Networked Urbanism

design thinking initiatives for a better urban life

Design critics: Belinda Tato and Jose Luis Vallejo, principals of Ecosistema Urbano

FunChinese is a project aiming to connecting people with complementary language skills to share with each other. Through the physical interaction, people begin to gain not only languages but also the knowledge of another culture. More importantly, participants get a natural familiarity with a group of people rather than a single one. And further, this will bring a sense of involvement in the larger community, and more open to new things that one encounters as a new-comer.

Boston has become more and more international. In particular, from 2000 to 2010, the Asian population in Boston multiplied by 1.6. Not only do they represent a minority group of people but also they bring different cultural backgrounds.

Among the growing Asian population in Boston, international students represent an important group. In the Graduate School of Design, there are 327 international students from 56 origins, which accounts for 39.8% of the 821 students. Among these students, more than 150 are from Asia, mainly China and South Korea. Since the cultural background and mindset of Asian students are fundamentally different from the western world, it is hard for them to adapt into the life in the US.

Some Asian students felt reluctant to speak or make friends. Not because they don’t have the ability to communicate, but because of a natural insecurity in a new environment. On the other hand, international students tend to stick much more to people from the same country.

As the number of international students continues to grow in the GSD and at the larger Boston area, it becomes important to help them better and faster adapt to the new environment. This will benefit international students, and also bring a more healthy and active interaction between all students.

FunChinese takes language as a tool to connect people from distinct backgrounds. Language influences the way different people see the world. It is also a door through which we begin to understand the core of a culture, its ideology as well as deeper meaning. Through the sharing of one’s own culture, students become more open to communicate with peers and thus building a more healthy connection.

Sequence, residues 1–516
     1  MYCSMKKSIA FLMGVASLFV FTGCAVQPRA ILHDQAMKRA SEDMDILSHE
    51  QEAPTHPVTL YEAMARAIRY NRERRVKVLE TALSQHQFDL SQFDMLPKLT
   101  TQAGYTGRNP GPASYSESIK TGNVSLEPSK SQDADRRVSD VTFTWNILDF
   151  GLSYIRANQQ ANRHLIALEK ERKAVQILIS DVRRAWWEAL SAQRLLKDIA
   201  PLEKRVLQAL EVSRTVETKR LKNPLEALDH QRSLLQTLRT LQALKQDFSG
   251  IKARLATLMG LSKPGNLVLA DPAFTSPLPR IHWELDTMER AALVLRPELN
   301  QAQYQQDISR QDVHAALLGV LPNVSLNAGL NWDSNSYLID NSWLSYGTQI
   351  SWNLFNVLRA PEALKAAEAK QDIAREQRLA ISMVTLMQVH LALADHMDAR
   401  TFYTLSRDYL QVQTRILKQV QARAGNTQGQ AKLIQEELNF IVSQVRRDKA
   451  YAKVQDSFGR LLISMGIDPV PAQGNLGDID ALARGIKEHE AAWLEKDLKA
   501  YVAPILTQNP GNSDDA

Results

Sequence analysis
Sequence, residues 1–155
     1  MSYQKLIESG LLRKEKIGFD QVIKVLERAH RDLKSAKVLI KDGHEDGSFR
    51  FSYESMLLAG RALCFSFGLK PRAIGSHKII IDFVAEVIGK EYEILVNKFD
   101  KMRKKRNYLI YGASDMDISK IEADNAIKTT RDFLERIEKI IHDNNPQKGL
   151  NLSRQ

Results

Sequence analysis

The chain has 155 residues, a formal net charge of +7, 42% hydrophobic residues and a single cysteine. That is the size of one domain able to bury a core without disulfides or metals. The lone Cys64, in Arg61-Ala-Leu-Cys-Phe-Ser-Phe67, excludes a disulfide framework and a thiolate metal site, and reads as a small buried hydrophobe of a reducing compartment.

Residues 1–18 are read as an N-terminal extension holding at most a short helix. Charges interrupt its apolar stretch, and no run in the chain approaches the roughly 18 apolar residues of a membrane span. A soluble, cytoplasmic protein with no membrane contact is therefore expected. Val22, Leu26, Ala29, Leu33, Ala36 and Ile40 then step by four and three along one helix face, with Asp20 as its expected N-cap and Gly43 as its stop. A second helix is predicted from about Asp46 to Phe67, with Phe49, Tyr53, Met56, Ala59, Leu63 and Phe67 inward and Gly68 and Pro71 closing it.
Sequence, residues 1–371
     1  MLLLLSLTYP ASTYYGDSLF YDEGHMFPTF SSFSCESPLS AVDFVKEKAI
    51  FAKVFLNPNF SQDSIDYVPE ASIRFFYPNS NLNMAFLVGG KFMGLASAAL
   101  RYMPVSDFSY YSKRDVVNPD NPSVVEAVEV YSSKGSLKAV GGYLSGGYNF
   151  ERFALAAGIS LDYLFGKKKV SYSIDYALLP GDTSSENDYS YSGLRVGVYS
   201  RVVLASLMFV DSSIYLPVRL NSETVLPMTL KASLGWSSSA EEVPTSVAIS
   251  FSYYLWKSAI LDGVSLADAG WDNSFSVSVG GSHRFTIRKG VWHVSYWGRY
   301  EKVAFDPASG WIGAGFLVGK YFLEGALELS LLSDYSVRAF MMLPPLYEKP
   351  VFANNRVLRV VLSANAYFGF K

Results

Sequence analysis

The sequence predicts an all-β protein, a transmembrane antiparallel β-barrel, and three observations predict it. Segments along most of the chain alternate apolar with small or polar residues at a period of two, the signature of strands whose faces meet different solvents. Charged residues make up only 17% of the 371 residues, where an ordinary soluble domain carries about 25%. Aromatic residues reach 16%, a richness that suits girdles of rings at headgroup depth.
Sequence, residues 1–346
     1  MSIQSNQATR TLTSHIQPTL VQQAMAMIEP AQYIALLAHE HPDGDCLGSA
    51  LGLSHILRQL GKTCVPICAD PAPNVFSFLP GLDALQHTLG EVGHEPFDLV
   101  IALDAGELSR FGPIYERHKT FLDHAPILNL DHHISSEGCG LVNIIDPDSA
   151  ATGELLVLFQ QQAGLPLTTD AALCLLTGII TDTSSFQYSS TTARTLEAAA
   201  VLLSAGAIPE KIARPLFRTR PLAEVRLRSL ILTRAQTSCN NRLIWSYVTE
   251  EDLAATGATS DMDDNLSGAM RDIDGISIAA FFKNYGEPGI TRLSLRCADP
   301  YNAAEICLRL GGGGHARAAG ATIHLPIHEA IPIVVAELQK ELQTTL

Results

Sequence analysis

International students come from a different culture and are able to bring a diverse insight in a discussion. Especially students from countries like China, South Korea, where there are many developments happening, this cross-cultural interaction could lead to professional practices.

Taking Chinese as starting point, FunChinese takes action by involving students with a Chinese background with students who have interest in Chinese language or Chinese culture, through the form of group meeting and one-on-one interaction. The project starts in the small community of GSD, and then grows in collaboration with the School of Engineering. In the whole process, this project has received highly positive support and response from participants and school directors, and is aiming to continue and expand in the next year.

By contributing to the community, members have benefited from a cross-cultural exchange. Through the weekly interaction, American participants have got the chance to know more about Chinese culture; Chinese participants have been able to engage themselves with the larger GSD community, and found a self-identity as a valuable member with a distinct and meaning cultural background.

FunChinese takes Chinese as a prototype of promoting cultural communication through the means of language.

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